We walked down Cartway which was the only way to get carts from low town and the river up to high town. Cartway was lined with Inns, shops and Brothels according to history. The only Inn left on Cartway now is The Black Boy, we have stopped here before so we were drawn in again for a drink and a cheese cob, or in my case ham. This pub has won the Camra Bridgnorth Pub of the Year three times since 2014, and I can vouch for the beer I had.

The Cartway
The Black Boy Inn, the last remaining pub on the Cartway
Once refreshed we made our way to the bottom of Cartway where there is an ice cream parlour. Once equipped with an ice cream each we went and sat by the river to finish them. All too soon it was time to continue back to the campsite. Our timing was perfect, we got the windbreak and carpet put away and the heavens opened for the rest of the afternoon.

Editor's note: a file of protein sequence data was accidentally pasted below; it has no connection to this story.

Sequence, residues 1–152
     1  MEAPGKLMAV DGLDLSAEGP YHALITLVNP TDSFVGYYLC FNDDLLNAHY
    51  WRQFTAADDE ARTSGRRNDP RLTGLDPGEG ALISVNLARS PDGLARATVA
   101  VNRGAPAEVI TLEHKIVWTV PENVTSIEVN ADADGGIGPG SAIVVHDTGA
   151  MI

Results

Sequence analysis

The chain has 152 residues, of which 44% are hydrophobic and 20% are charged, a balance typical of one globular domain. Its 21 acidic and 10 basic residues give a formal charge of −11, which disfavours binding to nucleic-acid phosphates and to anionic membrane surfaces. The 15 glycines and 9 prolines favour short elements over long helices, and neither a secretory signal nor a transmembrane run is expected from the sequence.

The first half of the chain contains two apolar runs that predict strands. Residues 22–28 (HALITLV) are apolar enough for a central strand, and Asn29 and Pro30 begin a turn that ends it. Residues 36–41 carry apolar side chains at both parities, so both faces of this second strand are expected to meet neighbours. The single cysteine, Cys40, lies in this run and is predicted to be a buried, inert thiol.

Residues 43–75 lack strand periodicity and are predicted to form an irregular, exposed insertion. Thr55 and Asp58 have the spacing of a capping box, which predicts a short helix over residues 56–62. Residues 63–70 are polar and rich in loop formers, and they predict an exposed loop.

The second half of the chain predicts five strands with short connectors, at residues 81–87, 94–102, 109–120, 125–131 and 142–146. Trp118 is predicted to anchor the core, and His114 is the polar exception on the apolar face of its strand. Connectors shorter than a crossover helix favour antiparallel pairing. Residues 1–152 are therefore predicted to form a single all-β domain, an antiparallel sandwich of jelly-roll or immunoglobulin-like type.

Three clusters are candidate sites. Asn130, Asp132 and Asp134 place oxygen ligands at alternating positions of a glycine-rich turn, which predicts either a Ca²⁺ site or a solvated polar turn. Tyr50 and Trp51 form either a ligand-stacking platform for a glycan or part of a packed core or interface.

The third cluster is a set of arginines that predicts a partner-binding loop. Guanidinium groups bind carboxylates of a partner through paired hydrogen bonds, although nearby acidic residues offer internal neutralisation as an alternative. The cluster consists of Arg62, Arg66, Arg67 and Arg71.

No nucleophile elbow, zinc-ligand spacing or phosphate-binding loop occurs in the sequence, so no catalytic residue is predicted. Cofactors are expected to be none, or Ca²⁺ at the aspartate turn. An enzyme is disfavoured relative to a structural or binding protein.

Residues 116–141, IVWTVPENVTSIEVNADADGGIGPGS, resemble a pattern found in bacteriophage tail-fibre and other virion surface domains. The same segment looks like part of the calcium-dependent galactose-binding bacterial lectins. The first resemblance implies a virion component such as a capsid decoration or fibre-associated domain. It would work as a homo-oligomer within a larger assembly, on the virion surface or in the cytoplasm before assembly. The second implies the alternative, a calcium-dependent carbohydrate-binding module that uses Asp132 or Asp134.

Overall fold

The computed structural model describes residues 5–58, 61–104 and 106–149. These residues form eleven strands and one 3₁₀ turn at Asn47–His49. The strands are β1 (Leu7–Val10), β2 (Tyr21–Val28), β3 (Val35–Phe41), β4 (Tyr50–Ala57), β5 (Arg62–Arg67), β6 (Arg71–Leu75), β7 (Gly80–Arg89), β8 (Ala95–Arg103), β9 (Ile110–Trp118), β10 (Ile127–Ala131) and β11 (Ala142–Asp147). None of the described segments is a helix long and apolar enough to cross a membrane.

Bridgnorth Bridge over the Severn


Tonight we have bratwurst sausage in baguettes with bread and cheese to follow.
Day 5:
Heading for home I forgot to load my chosen route so it was half an hour before I realised that the sat nav was taking us home via the M54, M6, M42 . I was a bit worried at first but then I realised where it was taking us. The route was a bit quicker but longer with lots of easy cruise control driving until we reached Nottingham and then it was back to normal.
Trip 12: 237.5 miles, 30.5mpg, 35 mph.